Scientists fabricate hexagonal silicon, potentially leading to light-emitting semiconductors
(Phys.org)—Virtually all semiconductors used in today's electronic devices are made of silicon having a cubic crystal structure, as silicon naturally crystallizes in the cubic form. In a new study, researchers have fabricated silicon in a hexagonal crystal structure, which is expected to exhibit novel optical, electrical, superconducting, and mechanical properties compared with cubic silicon.
The researchers, led by Erik P. A. M. Bakkers, a physics professor at Eindhoven University of Technology and Delft University of Technology, both in The Netherlands, have published a paper on their work in a recent issue of Nano Letters.
"Normal cubic silicon cannot emit any light because of its indirect band gap," Bakkers told Phys.org. "There are calculations that show that hexagonal silicon mixed with germanium should be able to emit light. Light emission in the electronics industry has been an important goal for more than 40 years. This would allow us to integrate optical communication directly on electronic chips. In the current work, we have shown that we can make pure hexagonal silicon. This is actually the first clear demonstration of this."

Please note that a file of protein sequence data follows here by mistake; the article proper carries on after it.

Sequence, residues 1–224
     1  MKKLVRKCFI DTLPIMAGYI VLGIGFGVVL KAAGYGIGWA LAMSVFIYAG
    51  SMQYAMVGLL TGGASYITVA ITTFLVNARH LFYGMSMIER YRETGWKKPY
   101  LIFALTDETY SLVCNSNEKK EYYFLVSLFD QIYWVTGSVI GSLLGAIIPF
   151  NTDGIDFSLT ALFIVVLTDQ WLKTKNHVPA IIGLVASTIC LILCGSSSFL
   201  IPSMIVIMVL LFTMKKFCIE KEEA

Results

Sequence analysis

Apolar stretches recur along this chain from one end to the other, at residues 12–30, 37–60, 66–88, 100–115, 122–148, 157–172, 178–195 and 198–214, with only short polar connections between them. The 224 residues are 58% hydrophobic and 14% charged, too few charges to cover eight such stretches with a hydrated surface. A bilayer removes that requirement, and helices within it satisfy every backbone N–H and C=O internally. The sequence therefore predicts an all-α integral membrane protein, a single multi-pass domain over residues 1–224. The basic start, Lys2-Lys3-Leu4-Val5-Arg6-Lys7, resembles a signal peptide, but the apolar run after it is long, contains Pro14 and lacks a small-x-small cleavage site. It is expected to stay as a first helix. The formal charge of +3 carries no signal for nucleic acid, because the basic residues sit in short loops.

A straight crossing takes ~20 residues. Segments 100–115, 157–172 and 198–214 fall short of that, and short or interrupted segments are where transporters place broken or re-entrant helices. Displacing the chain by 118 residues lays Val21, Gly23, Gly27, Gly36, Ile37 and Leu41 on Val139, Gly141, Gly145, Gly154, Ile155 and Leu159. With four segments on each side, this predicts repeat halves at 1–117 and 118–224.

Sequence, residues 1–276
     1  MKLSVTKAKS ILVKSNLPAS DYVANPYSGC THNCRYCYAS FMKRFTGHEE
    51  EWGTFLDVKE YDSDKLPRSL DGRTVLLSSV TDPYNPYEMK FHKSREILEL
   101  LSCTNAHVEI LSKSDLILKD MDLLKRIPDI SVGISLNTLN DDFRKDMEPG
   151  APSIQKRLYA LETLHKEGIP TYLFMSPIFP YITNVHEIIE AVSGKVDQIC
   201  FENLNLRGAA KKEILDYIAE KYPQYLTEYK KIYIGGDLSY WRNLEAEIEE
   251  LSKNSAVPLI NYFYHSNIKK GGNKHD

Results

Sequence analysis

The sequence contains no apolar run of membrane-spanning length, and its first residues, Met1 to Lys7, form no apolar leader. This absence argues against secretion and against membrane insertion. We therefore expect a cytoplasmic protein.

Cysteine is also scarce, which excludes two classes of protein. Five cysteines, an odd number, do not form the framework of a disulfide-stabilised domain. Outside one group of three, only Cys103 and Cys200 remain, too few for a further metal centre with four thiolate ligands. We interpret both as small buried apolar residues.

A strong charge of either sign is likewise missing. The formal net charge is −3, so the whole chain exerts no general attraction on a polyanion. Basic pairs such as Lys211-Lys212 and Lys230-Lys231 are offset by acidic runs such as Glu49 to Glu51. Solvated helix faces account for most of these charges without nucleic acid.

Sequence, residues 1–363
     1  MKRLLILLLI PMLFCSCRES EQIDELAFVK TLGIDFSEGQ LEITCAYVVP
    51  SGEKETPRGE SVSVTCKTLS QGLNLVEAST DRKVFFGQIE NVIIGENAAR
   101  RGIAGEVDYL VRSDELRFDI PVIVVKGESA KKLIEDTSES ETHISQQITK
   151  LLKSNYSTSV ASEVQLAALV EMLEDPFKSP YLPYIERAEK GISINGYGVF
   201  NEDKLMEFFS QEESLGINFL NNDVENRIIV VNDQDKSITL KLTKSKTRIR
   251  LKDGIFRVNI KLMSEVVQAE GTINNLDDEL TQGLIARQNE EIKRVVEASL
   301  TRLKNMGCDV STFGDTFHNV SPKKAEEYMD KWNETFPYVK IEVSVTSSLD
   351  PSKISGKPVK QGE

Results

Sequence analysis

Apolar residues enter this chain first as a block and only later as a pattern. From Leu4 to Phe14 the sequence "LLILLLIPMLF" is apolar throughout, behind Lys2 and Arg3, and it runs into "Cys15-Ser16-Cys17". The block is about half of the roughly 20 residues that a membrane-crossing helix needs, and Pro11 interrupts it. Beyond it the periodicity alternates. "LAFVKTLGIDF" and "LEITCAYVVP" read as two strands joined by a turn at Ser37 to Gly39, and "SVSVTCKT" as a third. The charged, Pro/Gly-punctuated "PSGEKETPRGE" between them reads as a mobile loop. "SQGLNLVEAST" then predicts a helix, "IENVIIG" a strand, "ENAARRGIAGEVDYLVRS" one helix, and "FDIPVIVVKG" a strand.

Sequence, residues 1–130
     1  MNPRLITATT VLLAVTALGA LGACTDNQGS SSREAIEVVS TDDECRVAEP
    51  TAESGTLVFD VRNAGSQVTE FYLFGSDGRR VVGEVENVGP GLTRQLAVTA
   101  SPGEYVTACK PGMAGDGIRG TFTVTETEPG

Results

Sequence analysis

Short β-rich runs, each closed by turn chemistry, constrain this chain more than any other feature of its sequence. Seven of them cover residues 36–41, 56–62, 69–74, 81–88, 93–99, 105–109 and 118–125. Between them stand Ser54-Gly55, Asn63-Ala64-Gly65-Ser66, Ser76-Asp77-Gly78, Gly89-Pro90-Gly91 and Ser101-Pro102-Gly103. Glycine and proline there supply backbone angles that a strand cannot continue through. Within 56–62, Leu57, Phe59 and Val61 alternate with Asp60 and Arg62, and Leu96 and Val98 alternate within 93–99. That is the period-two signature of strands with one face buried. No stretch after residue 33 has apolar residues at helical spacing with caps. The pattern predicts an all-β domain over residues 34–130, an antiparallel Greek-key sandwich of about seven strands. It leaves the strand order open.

As the researchers explain, this is not the first time that hexagonal silicon has been reported; however, previous methods have had difficulty controlling the crystal formation and also lacked the ability to unambiguously verify the hexagonal structure.
In the new study, the researchers addressed both of these shortcomings by using new methods for fabrication and structural characterization. The new fabrication method involves depositing silicon on a template of hexagonal nanowires at high temperatures, resulting in high-quality hexagonal silicon. Due to the nanowires's vertical growth, there is no overlap to interfere with measurements that characterize the hexagonal structure, allowing unambiguous structural verification.
The researchers hope that the new method of fabricating high-quality hexagonal silicon will allow for a full assessment of the material's properties, and eventually lead to a way to synthesize a new class of semiconductors. In the near future, they plan to use the same method to fabricate hexagonal versions of germanium and silicon-germanium compounds, which could be particularly useful for the optical electronic applications Bakkers described above.
"The next step is to mix in germanium and study the optical properties," Bakkers said. "This seems to work, but is work in progress."
More information: Håkon Ikaros T. Hauge, et al. "Hexagonal Silicon Realized." Nano Letters. DOI: 10.1021/acs.nanolett.5b01939
Journal information: Nano Letters
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